Blog post formats for teams

By Giles Turnbull at Use the human voice


This is a set of format ideas for blog posts, with links to real-world examples.

It might be helpful for teams who want to use a blog to work in the open, but aren’t sure what good blogging looks like.

These formats are just starting points: use what works for you, and iterate to better suit your circumstances.

The first few formats are variations on the theme of weeknotes. (More about weeknotes.)

The rest of the formats go in other directions.

Start simple: try weeknotes


“We’re learning by doing” weeknotes

These are notes from a team, telling the story of a piece of work as it unfolds, and a collective story about collective effort. Good for describing work where the end-point isn’t clear from the start, and where the decisions made along the way are just as important as the end result.

As used by:


Personal weeknotes

Part journal, part act of leadership, part thinking-out-loud; good personal weeknotes are actually written by the named author, not by a ghostwriter. You can use them for genuine reflection. They’re helpful for colleagues, and interesting to observers and outsiders.

As used by:


Answer the same questions every week

Come up with a list of questions that you want to challenge your professional self with, and use them as a prompt for each weeknote. A good way of documenting changing circumstances and changing opinions. Also, the predetermined structure can make them easier to write even when you’re in a hurry.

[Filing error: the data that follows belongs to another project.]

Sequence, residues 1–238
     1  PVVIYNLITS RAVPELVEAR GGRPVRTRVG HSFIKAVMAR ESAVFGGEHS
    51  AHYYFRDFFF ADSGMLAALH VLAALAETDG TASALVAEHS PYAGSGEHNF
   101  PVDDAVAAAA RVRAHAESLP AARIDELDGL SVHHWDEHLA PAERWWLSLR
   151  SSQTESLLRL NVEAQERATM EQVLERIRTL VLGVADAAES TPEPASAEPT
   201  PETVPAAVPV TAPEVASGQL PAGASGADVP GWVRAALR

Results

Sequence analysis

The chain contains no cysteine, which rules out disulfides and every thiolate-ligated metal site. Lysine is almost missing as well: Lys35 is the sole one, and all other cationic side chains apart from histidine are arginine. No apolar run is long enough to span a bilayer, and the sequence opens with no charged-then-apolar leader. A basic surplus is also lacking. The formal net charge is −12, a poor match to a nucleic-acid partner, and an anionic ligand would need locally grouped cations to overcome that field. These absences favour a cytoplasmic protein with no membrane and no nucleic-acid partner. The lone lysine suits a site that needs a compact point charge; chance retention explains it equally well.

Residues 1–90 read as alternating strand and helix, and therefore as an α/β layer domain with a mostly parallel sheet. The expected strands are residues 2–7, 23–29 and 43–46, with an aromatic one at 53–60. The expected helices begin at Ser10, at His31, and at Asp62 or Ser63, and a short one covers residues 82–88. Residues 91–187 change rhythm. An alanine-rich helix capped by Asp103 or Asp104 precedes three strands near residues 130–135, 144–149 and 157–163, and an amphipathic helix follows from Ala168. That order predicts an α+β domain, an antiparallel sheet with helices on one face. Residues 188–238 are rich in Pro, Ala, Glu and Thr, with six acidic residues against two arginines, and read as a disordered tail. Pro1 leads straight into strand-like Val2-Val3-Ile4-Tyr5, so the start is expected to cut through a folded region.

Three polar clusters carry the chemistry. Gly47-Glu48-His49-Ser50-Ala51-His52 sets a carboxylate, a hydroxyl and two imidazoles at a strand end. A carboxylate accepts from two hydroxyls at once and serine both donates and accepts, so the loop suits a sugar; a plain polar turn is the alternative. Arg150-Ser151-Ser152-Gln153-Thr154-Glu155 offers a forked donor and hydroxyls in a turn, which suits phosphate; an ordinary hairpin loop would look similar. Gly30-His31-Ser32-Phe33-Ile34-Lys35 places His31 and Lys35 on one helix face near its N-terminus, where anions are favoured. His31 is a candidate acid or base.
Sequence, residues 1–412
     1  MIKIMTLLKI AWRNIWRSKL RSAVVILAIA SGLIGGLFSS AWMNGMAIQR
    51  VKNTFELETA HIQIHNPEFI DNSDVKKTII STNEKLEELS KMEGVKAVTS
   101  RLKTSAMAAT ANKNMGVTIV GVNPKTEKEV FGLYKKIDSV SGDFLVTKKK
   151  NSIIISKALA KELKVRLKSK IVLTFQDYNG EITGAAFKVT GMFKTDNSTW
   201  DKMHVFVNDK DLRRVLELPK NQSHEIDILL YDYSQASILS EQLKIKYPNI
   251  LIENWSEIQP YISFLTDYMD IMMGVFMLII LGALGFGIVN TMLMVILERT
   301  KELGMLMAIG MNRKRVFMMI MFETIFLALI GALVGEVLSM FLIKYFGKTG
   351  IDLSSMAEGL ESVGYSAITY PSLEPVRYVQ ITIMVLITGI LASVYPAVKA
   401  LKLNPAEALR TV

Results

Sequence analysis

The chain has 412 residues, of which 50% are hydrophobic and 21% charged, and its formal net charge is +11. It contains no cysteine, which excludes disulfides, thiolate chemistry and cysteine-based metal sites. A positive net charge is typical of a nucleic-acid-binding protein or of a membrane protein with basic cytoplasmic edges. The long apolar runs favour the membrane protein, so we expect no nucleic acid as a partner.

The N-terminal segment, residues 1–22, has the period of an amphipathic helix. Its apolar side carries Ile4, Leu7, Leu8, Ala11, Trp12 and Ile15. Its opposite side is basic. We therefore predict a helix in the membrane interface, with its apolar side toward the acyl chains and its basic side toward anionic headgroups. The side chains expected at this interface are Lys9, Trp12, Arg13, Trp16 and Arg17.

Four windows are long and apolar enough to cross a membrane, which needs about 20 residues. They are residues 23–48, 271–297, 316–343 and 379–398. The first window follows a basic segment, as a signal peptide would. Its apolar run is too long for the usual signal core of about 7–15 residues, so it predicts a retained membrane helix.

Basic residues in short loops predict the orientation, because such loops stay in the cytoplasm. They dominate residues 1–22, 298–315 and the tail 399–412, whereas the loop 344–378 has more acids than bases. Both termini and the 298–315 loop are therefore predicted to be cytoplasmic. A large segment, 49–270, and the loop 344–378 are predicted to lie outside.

As used by:


Random bullets weeknotes

Weeknotes-as-a-stream-of-thought. One idea per bullet. No need for sorting or structure; write them as they occur to you. I’ve seen this done very well by individuals, and I think there’s plenty of scope for it to be used by teams as well. Just jot down what’s on your mind, as it pops into your head. Quick and efficient.

As used by:

A few more adventurous options


Blog your tabs

Really simple: once a week, blog all your open tabs, even some of the ones that aren’t so relevant to your actual work. Lively, unexpected, often surprisingly useful. Helpful for remembering what you’ve been reading and thinking. Readers tend to love this sort of thing.

As used by:


What we shared in Slack this week

Your team probably shares links all the time on Slack, or Teams, or whatever chat-based service you use. So: make it someone’s job to spend 10 minutes each week collating those links, and turning them into a blog post. A good way of reflecting what’s on a team’s mind, and as helpful for that team as it is for outsiders.

As used by:


How we made…

Just write up how a piece of work was done. Keep it simple; a straightforward narrative will do the job. We did this, then we did that, and along the way we learned about this other thing. Works really well for teams who are iterating a product by doing regular research. Readers always like to see how teams iterate to respond to research findings.

As used by:


Thinking out loud

Start with a URL, an image, an idea, a quote. What does it make you think? Then: what does that thought lead you to? Where does that thought go? What happens if you allow your team’s brain to make six or seven connections like this? Where do you end up? Use this format to spark new ideas.

As used by:


We made a mistake

Teams learn by doing and making, and that includes making mistakes. Share what got learned from them; maybe it will help some peers or colleagues, or total strangers who face a similar problem one day. Confessing to mistakes doesn’t make you look weak - it makes you look wise.

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Postcard from…

When a member of the team has been away somewhere, get them to write up what they discovered; no matter how small or trivial that thing is. Make sure there’s a photo, like real postcards have. It doesn’t have to be a “professional” photo: just a snap taken with a phone.

As used by:


Points on timelines

Hard to plan in advance, but easy to create after the fact. Turn an unofficial series of blog posts into something more official, by gathering those posts together in some way and giving them some sort of timeline-like structure.